Open Access

Composite endpoints for malaria case-management: not simplifying the picture?

Malaria Journal201413:494

https://doi.org/10.1186/1475-2875-13-494

Received: 28 July 2014

Accepted: 18 November 2014

Published: 13 December 2014

Abstract

Rapid diagnostic tests (RDTs) for infection with Plasmodium spp. offer two main potential advantages related to malaria treatment: 1) ensuring that individuals with malaria are promptly treated with an effective artemisinin-based combination therapy, and 2) ensuring that individuals without malaria do not receive an anti-malarial they do not need (and instead receive a more appropriate treatment). Some studies of the impact of RDTs on malaria case management have combined these two different successes into a binary outcome describing ‘correct management’. However combining correct management of positives and negatives into a single summary measure can be misleading. The problems, which are analogous to those encountered in the evaluation of diagnostic tests, can largely be avoided if data for patients with and without malaria are presented and analysed separately. Where a combined metric is necessary, then one of the established approaches to summarise the performance of diagnostic tests could be considered, although these are not without their limitations. Two graphical approaches to help understand case management performance are illustrated.

Background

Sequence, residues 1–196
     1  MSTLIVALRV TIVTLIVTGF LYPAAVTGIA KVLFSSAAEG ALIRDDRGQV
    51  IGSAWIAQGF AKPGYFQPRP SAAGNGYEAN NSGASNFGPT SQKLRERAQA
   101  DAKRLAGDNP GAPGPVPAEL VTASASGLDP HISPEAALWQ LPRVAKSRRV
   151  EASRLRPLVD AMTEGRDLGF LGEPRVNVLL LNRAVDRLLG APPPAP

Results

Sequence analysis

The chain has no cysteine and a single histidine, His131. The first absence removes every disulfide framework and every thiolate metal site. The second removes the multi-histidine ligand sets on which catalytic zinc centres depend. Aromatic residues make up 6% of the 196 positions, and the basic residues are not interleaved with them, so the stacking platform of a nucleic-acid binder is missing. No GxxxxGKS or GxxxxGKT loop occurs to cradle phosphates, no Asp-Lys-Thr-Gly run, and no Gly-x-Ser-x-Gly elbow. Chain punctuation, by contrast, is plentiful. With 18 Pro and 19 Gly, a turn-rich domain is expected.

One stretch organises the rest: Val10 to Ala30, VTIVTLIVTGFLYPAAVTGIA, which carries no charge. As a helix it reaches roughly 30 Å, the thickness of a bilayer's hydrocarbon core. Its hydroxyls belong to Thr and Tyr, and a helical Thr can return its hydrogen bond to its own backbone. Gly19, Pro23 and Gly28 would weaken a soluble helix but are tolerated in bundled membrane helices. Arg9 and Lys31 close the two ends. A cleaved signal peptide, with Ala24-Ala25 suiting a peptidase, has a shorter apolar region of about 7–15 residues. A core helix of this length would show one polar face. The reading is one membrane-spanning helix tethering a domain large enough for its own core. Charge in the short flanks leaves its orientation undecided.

Case management of malaria has been revolutionised by the introduction of rapid diagnostic tests (RDTs), which allow parasitological diagnosis at the point of care in a much wider range of settings than was previously possible [1]. Diagnostic testing is the first stage of the ‘T3: Test. Treat. Track.’ approach recommended by WHO [2]. The potential advantages of wider availability and higher quality of diagnostics are two-fold: firstly, increasing the percentage of those with malaria who receive prompt and effective treatment with an artemisinin-based combination therapy (ACT), and secondly, increasing the percentage of those without malaria who do not receive an antimalarial and instead are managed appropriately according to their condition [3]. Withholding treatment from RDT-negative patients should avoid unnecessary side effects, avoid wasted drugs, and help reduce selection pressure for resistance to antimalarials used for case management [3], although some of these benefits have been challenged in certain situations [4]. A further benefit of identifying malaria-negative cases is that this may help determine the true cause of fever, which could lead to better clinical outcomes. However, a recent study in Tanzania showed that 70% of patients presenting with fever had a viral illness as the underlying cause [5]; there may be limited scope for improved clinical outcomes where there is no obvious treatment beyond management of symptoms. Over-use of antibiotics among those who test negative for malaria is also a concern [6]. Guidelines for the evaluation of diagnostic procedures emphasise the importance of measuring clinical benefit [7, 8] but in practice evaluation has often relied on assessment of sensitivity, specificity and predictive values [7].